** You’re Increasing Weights Wrong.**

** When you first start doing strength training you probably did something that resembled 3 sets of 10 repetitions for a given weight, right?**

** Nothing wrong with that.**

** And every week or so, you added some more resistance and hammered out 3 sets of 10.**

** You’re making gains.**

** Everything thing’s coming up Milhouse.**

** You might even start thinking ahead. Perhaps envisioning adding another 5-10lbs. of resistance every week until you are the strongest person who ever lived.**

**If you started out lifting 100 lbs. that calculation would have you lifting between 360 lbs. and 620 lbs. a mere year later.**

** Suffice to say, it doesn’t work that way.**

** At some point you won’t be able to just add another 5 lbs. of weight and still get those 10 reps.**

** What do you do then?**

** Some possible solutions could be:**

**- Struggle, grunt, and body English your way into finishing the reps?**

**- Stick with the weight you can do 3 sets of 10 with for eternity?**

**- Decide you’ve hit your genetic potential for strength?**

** What if instead of thinking about a single rep number, you begin thinking in terms of a rep range?**

** Let’s use biceps curls for an example because, who doesn’t want a pair of impressive arms, right?**

** You begin with 3 sets of 10 repetitions at 25 lbs.**

Actually, let’s back up just a second and explain a couple terms just for clarity’s sake.

A set is a made up of a number of repetitions. Once you hit that number you take some time to rest and get ready for the next set.

A repetition is doing the exercise exactly one time.

And of course, the weight (or resistance) is measured in lbs., unless you’re somewhere that uses kg.

Lastly, volume measures the total effort in lbs.

3 sets of 10 reps at 25 lbs. just means you lifted 25 lbs. ten times in a row, then rested, did it again, rested some more, then did it a third time.

You can express this through a shorthand that looks like this: 3 x 10 x 25, which if you push the math buttons gives you 750. That 750 lbs. is the total volume for that exercise.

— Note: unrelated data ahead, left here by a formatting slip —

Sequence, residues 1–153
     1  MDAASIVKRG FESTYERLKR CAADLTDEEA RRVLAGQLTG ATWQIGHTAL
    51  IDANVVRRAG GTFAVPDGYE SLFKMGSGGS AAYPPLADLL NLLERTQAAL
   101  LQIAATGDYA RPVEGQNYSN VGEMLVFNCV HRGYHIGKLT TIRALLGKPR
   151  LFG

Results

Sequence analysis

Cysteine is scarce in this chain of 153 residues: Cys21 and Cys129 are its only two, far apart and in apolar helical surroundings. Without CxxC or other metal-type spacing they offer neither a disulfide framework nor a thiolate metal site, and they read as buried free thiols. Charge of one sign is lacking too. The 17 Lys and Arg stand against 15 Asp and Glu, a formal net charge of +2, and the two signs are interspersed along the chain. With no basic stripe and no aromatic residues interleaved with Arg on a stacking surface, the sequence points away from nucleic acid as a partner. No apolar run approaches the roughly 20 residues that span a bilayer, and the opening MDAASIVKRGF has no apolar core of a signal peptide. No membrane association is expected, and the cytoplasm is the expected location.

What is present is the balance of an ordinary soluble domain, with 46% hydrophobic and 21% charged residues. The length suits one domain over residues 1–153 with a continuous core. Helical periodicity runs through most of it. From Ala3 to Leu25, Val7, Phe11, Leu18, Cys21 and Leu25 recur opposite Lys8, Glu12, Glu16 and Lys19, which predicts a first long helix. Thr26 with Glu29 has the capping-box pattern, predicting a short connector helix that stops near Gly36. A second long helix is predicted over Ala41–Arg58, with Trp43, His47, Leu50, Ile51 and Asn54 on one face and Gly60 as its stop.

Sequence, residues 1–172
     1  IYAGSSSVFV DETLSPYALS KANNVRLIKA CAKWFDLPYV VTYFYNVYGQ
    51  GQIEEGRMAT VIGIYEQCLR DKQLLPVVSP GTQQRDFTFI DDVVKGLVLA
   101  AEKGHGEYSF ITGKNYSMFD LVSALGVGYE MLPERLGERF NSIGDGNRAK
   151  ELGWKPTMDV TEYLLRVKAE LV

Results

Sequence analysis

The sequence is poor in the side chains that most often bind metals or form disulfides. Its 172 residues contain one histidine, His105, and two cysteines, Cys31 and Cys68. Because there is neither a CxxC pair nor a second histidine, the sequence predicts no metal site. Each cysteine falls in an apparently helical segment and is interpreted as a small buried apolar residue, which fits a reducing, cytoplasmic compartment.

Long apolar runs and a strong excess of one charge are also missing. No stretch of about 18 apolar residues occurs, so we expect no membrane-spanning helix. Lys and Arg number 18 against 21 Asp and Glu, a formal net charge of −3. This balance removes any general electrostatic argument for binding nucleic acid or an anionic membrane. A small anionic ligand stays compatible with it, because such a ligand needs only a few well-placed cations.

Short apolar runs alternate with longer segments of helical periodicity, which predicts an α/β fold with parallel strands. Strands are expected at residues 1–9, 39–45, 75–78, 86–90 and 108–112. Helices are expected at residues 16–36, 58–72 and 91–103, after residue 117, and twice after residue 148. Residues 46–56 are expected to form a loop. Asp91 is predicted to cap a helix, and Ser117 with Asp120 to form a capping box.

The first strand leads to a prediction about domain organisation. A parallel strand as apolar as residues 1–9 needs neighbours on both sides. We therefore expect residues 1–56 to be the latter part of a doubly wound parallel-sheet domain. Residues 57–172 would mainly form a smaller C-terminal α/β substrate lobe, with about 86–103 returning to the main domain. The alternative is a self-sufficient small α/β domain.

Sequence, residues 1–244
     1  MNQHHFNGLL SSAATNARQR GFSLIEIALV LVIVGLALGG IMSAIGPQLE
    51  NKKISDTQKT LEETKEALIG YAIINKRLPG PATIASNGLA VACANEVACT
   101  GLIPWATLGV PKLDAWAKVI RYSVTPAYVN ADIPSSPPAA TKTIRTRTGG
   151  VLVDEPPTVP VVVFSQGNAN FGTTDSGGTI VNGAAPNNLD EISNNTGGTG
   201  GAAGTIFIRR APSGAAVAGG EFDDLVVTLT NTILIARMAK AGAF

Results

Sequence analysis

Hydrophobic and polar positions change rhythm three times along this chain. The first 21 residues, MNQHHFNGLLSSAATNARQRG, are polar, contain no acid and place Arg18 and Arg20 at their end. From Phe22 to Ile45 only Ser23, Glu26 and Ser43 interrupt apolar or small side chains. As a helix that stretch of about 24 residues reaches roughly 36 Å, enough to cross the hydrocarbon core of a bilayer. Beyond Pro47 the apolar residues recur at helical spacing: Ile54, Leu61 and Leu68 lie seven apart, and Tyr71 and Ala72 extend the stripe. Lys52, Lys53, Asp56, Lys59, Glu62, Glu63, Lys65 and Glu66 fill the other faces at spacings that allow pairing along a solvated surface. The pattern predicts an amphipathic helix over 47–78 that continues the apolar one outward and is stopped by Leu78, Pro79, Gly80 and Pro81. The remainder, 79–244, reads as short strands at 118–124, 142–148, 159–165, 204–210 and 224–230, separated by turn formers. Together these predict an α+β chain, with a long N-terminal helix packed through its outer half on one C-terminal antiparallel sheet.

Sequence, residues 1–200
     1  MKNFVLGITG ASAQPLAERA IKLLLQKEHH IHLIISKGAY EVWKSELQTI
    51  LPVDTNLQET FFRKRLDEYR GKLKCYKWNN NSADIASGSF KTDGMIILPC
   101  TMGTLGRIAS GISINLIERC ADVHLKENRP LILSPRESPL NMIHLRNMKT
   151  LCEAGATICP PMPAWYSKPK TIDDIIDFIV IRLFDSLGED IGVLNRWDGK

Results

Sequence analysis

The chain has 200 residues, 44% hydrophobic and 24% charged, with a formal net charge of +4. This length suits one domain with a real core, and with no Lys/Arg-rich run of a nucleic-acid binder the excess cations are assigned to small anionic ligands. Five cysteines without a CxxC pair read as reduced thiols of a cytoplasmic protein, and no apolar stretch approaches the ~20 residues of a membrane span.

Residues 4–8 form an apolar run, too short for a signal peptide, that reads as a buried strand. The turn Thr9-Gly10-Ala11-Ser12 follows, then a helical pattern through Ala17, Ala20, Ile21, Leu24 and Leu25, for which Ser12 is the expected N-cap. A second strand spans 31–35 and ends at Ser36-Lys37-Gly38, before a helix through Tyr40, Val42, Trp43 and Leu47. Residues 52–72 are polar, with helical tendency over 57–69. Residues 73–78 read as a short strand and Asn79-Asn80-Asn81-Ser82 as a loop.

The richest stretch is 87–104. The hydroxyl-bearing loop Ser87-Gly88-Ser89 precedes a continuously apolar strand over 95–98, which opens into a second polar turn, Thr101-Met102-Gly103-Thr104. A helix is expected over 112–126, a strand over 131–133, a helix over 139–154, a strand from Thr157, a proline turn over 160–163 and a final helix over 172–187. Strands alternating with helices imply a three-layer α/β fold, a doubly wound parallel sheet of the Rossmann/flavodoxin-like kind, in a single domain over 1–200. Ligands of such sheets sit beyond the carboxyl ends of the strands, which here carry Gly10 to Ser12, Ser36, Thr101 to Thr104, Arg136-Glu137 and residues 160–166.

** Still with me? Cool.**

** You’re killing it at the gym. Your eating right and getting plenty of sleep. Over the next few weeks you’re upping the weights.**

**3 x 10 x 25 = 750**

**3 x 10 x 30 = 900**

**3 x 10 x 35 = 1050**

** You’ve definitely gotten stronger. Then plan is working until… you move up to 40 lbs. and you can’t lift it for 10 reps.**

** Now what?**

** Now it’s time to use a rep range instead of one number.**

** Here’s how that works. Rather than shooting for 10 reps per set you target 8-10 reps.**

** You can’t curl the 40s for 10, but you can do 8. Great!**

**3 x 8 x 40 = 960.**

** “But, Jason,” you ask, “that’s less volume than I was doing before. Am I weaker? How can this work?”**

** Excellent question. You’re right, 960 < 1050. Good catch.**

** The difference is you’re going to stick with the same resistance for a bit, while you work on increasing the reps.**

** Shoot for 3 sets of 8-10 reps. The first time you try 40s you “only” get 3x8, that’s fine. Next time just try to improve by just one rep. If you can do more, cool, but if you only add one more, that’s still progress.**

** Week 1 looks like:**

** 3 x 8 x 40**

** Week 2 is just one rep better:**

** 9 x 40, 8 x 40, 8 x 40**

** It’s a small jump, just remember progress is progress. Adding one quality repetition is going to be more effective in the long run than using momentum to swing the dumbbell so you can claim you did ten reps.**

** In time you’ll improve to:**

** 9, 9, 8**

** 9, 9, 9**

** 10, 9, 9**

** 10, 10, 9**

** 10, 10, 10.**

** Now it might not be quite this smooth every time. That’s okay. Keep at it, keep giving it your full focus and be patient. You’ll add those reps.**

** Once you’ve gone from 3 x 8 x 40 to 3 x 10 x 40, your total volume will have increased from 960 lbs. to 1200 lbs. That’s pretty significant!**

** It’s time to increase the weight and reduce the reps again.**

**3 x 8 x 45 = 1080 lbs.**

** You are using a heavier weight with slightly lower volume. You’re acclimating your body to higher strength demands without overtaxing it by also upping the volume.**

** When you start out you can pretty much increase your strength in a straight line. You just adjust one variable, the resistance. The reps and sets remain the same.**

** As you progress you’ll get to a point where it makes sense to adjust other variables to keep getting stronger. That’s all using a rep range is. It’s much simpler in practice than it is in theory.**

** Increase the weight, lower the reps.**

** Stick with the weight, gradually increase the reps.**

** When you hit the ceiling of your rep range, you repeat the process.**

**That’s really all there is to it.**

** Now it’s time for you to take action and use this strategy in your workouts to keep progressing!**

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